a processor coupled to the communication module, the processor configured to:
for a first mobile device with a first spectral allocation, identify a second mobile device with a second spectral allocation, wherein there is an intersection between the first spectral allocation and the second spectral allocation;
determine, for the first mobile device, one or more time-frequency vectors of the first spectral allocation with a first overlap with one or more time- frequency vectors of the second spectral allocation of the second mobile device;
for each determined time-frequency vector, determine an alternate time-frequency vector such that a second overlap between the alternate time- frequency vector and the one or more time-frequency vectors of the second spectral allocation lower than the first overlap; and
transmit the alternate time-frequency vector to the first mobile device.
14. The controller according to claim 13, wherein the communication module is configured to transmit the alternate time-frequency vector to the first mobile device by transmitting a set of frequencies to be used in successive time slots.
15. The controller according to claim 13, wherein the processor is further configured to determine a distance between the time-frequency vectors of the first mobile device and the time-frequency vectors of the second mobile.
16. The controller according to claim 13, wherein the distance is one of a Hamming distance and a Levenshtein distance.
17. The controller according to claim 13, wherein the processor is configured to determine that the intersection exceeds a predefined threshold in order to identify the second mobile device with the second spectral allocation.
18. The controller according to claim 17, wherein the processor is further configured to determine the predefined threshold based on an error-correction mechanism associated with the first mobile device.
19. The controller according to claim 13, wherein the processor is configured to determine the alternate time-frequency vector by selecting a time-frequency vector from a good cluster of time-frequency vectors for the first mobile device, wherein the good cluster is based on one or more of a device location, a time, and a quality indicator associated with the first mobile device.
20. The controller according to claim 19, wherein the processor is further configured to select a time-frequency vector that is substantially near an edge of the good cluster.
21. The controller according to claim 13, wherein the first spectral allocation for the first mobile device comprises one or more time-frequency vectors substantially near a center of the good cluster for the first mobile device.
22. The controller according to claim 13, wherein the processor is further configured to reallocate the first mobile device and the second mobile device to new time- frequency vectors away from each other until the spectral allocation intersect drops below a predefined threshold.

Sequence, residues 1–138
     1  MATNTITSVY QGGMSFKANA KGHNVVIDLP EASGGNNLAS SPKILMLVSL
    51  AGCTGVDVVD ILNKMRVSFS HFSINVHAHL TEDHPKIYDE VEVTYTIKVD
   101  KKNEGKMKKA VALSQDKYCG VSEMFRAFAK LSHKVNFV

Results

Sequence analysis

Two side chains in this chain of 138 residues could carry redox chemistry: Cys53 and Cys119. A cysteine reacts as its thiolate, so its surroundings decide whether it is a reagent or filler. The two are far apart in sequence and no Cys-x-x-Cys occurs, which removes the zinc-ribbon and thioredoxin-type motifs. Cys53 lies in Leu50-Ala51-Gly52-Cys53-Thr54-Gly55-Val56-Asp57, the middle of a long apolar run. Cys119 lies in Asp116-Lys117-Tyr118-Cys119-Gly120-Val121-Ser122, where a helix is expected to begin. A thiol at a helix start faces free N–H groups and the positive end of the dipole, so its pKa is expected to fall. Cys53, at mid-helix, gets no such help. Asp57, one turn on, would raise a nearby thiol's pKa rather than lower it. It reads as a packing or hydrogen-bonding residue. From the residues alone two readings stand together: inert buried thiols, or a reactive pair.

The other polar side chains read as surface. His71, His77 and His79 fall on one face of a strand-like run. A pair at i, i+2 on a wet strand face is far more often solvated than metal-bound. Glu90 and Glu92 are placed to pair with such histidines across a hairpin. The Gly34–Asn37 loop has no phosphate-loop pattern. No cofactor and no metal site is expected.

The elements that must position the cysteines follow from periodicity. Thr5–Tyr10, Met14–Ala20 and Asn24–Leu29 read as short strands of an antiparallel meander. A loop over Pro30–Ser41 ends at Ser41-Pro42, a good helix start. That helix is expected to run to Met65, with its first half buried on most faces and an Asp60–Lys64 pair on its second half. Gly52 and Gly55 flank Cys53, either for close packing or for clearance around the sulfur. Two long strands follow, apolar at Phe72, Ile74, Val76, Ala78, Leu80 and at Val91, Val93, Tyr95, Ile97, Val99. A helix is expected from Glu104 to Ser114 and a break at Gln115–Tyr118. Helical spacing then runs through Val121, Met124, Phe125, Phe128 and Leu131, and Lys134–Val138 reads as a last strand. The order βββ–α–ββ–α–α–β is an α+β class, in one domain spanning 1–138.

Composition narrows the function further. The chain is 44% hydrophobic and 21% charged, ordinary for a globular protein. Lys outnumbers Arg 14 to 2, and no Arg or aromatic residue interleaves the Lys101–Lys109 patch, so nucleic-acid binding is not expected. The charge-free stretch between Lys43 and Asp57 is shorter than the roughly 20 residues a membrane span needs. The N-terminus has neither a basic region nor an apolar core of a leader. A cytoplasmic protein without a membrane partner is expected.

23. The controller according to claim 13, wherein the processor is further configured to perform the spectral allocation over a wireless communication technology that utilizes one of frequency division multiple access (FDMA), orthogonal frequency division multiple access (OFDMA), Carrier-Sense Multiple Access (CSMA), or a narrow band allocation technology.
24. The controller according to claim 13, wherein the processor is further configured to determine the alternate time-frequency vector such that the alternate time- frequency vector does not overlap with the one or more time-frequency vectors of the second spectral allocation.
25. The controller according to claim 13, wherein the controller is part of a base station.
26. An analysis server for analyzing sub-carrier allocation data to categorize clusters for predictive spectral allocation in wireless networks, the analysis server comprising:
a memory configured to store instructions; and
a processor coupled to the memory, the processor configured to:
for a first mobile device with a first spectral allocation, identify a second mobile device with a second spectral allocation, wherein there is an intersection between the first spectral allocation and the second spectral allocation;
determine, for the first mobile device, one or more time-frequency vectors of the first spectral allocation with a first overlap with one or more time- frequency vectors of the second spectral allocation of the second mobile device; and for each determined time-frequency vector, determine an alternate time-frequency vector such that a second overlap between the alternate time- frequency vector and the one or more time-frequency vectors of the second spectral allocation lower than the first overlap.
27. The analysis server according to claim 26, wherein the processor is further configured to transmit the alternate time-frequency vector to the first mobile device.
28. The analysis server according to claim 27, wherein the processor is further configured to cause the one or more base stations to transmit a set of frequencies to be used in successive time slots.
29. The analysis server according to claim 26, wherein the processor is further configured to determine a distance between the time-frequency vectors of the first mobile device and the time-frequency vectors of the second mobile device.
30. The analysis server according to claim 26, wherein the distance is one of a Hamming distance and a Levenshtein distance.
31. The analysis server according to claim 26, wherein the processor is configured to determine that the intersection exceeds a predefined threshold in order to identify the second mobile device with the second spectral allocation.
32. The analysis server according to claim 31, wherein the processor is further configured to determine the predefined threshold based on an error-correction mechanism associated with the first mobile device.